Here is the apotheosis of technique, the prideful attention to craft. But what if literary texts (or at least a significant number of them) are not self-similar tissues of self-consistent details, but something looser, more informal, perhaps even more extemporaneous? An endeavor not to design something, but to say something? What if a novel or even a poem is not a verbal icon, but a voluble discourse? What if the most important thing about a literary work, in short, is not its technique, but its message?

At a stroke, textual errors become of deeper concern, because the problem is to make certain that you are getting the author’s message straight. At the same time, however, it becomes less pressing to settle upon an authoritative text, reflecting the author’s ultimate intention, because it is no longer the perfection of technique, the scaling of design, that is at issue—but what the author is trying to say.

The controversy over Carver’s stories has begun to convince me that literary criticism took a wrong turn some time ago, and needs to start paying less attention to texts and more attention to authors, which would mean (among other things) listening to what they have to say.

[1] Kenneth Burke, Counter-Statement [1931] (Berkeley: University of California Press, 1968), pp. 59–60.

[2] Mark McGurl, The Program Era: Postwar Fiction and the Rise of Creative Writing (Cambridge: Harvard University Press, 2009), p. 446n.

[3] J. V. Cunningham, “Logic and Lyric,” in The Collected Essays (Chicago: Swallow, 1976), pp. 162–79.

[4] Hugh Kenner, “Self-Similarity, Fractals, Cantos,” in Historical Fictions (San Francisco: North Point, 1990), pp. 317–27.


Miriam said...

Is this really true of early modern studies? Not my field, obviously, but Book Two required me to spend a fair amount of time reading in that area, and the past couple of decades have seen a lot of work on the non-unity of various works, or works that can't be said to have a final form (for reasons having to do with editing, silent authorship, and production). Shakespeare's plays are the obvious example, but so too is John Foxe's Book of Martyrs.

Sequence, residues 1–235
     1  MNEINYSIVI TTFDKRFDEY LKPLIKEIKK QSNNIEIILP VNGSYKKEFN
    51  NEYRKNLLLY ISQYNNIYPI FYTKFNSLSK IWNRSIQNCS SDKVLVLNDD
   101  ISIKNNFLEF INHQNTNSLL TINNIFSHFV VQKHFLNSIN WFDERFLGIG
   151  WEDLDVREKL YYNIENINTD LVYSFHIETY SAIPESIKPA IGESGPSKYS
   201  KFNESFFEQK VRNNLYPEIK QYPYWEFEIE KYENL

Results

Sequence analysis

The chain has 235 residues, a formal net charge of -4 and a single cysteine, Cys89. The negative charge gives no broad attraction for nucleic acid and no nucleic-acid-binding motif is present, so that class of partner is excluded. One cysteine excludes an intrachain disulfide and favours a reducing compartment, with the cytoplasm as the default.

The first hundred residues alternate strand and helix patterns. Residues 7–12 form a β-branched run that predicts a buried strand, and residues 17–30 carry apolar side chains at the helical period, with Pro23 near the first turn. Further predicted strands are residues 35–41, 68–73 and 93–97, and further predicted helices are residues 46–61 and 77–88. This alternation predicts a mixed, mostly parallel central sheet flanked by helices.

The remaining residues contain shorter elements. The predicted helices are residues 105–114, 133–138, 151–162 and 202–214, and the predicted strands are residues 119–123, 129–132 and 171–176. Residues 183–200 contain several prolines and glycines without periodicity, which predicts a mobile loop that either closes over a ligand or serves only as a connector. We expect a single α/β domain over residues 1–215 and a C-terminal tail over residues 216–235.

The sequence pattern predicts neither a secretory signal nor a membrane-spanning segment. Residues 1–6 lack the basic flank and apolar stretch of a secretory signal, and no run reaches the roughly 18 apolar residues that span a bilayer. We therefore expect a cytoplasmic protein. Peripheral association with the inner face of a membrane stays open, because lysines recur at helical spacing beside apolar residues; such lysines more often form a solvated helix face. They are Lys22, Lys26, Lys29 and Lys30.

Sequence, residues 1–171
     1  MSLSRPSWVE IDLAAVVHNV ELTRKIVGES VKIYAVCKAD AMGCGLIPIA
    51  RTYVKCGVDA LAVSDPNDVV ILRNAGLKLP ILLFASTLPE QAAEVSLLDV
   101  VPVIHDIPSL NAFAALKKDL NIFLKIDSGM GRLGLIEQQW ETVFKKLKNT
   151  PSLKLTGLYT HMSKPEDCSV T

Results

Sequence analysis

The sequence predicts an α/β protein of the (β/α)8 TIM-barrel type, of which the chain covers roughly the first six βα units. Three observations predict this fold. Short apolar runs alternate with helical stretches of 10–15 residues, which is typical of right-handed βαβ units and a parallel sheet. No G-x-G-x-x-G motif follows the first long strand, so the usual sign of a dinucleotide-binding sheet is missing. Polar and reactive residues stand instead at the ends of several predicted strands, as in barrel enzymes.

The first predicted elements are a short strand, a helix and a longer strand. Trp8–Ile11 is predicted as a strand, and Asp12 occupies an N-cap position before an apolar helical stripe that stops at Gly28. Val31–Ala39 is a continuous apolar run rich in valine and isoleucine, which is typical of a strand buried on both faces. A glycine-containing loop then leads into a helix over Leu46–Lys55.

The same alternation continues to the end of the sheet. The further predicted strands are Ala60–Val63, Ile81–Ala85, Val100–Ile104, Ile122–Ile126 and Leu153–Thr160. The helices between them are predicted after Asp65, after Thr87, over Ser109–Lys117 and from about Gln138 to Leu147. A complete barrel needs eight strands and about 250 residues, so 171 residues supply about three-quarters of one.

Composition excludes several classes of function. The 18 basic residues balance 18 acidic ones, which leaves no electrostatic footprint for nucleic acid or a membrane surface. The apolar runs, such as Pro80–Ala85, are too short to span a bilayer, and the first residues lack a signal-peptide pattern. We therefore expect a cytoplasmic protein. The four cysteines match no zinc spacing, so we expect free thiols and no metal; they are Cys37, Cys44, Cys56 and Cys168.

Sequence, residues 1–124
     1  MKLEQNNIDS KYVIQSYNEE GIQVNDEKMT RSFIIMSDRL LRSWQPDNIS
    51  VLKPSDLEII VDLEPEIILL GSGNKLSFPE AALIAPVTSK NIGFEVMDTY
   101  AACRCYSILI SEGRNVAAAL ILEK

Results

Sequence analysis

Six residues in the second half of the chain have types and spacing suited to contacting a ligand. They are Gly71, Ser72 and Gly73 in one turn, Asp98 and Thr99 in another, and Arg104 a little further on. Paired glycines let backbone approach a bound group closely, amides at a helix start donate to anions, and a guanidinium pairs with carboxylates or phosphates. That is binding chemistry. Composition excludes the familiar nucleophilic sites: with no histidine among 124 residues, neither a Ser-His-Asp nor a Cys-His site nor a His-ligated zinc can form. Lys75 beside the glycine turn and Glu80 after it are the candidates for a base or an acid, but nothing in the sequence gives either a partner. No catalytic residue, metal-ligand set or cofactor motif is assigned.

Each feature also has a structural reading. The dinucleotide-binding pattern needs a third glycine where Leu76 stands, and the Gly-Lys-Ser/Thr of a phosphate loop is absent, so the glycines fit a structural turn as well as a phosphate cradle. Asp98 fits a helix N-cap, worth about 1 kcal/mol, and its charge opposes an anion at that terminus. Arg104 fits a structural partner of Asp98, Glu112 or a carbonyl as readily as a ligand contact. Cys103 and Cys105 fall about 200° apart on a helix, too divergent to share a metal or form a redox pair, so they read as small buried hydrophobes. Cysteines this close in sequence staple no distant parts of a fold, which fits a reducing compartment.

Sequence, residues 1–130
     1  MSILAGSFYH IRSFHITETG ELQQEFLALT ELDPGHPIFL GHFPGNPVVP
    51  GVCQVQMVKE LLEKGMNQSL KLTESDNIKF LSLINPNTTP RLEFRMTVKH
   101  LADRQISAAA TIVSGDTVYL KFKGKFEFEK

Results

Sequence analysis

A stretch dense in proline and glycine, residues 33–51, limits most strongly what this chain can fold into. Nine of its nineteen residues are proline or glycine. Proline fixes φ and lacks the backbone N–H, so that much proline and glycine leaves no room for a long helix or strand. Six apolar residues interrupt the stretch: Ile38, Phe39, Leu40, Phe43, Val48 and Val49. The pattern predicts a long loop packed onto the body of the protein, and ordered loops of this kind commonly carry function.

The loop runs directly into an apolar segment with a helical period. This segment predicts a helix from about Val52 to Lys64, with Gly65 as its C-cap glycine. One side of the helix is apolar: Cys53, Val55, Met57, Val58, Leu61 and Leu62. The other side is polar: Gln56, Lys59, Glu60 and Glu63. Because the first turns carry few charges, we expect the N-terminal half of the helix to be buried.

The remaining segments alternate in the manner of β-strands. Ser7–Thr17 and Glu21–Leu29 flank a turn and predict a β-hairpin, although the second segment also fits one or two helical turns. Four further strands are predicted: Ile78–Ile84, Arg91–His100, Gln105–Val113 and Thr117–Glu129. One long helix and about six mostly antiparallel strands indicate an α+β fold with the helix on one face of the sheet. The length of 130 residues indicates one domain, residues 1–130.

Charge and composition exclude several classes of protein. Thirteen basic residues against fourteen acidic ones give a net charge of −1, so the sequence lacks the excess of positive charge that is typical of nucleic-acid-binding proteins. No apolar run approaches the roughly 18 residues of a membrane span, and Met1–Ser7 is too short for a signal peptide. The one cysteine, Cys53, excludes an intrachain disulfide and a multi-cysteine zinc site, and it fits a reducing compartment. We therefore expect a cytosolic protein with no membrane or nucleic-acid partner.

By the same token, Romanticists have become very self-conscious about this topic, especially thanks to the Cornell Wordsworth. And Blake poses a major problem to anyone wanting to talk about works as an "integer," since a) the poems and their illustrations are interdependent, and b) no two editions are the same.

D. G. Myers said...


You are surely right that the more historical is the study then the less likely that it will fall prey to the assumption of the integral text. Before the rise of literary modernism, writers were little concerned to transform their texts into well wrought urns. Looser conceptions of literary form, except for meter and certain poetic set-pieces, were the norm.

Yet there is no denying that the assumption continues to influence even historically minded scholars. A glance at the tables of contents of scholarly journals reveals as much. Scholars still carefully lay out patterns of symbolism, imagery, metaphor, allusion, and meaning in early modern texts. And this pattern-tracing, a ready form of discovery in scholarly interpretation, is the legitimate offspring of the integral text.

Dan Green said...

Perhaps before deciding that Carver's case shows that we should be looking at what the author has to say, we should look more closely at the Carver case. What, exactly, is it that he's trying to say in a particular story that he is or isn't saying in the alternative version? In what two versions of the "same" story is he saying different things? Or in what two versions is Lish saying one thing and Carver another?

D. G. Myers said...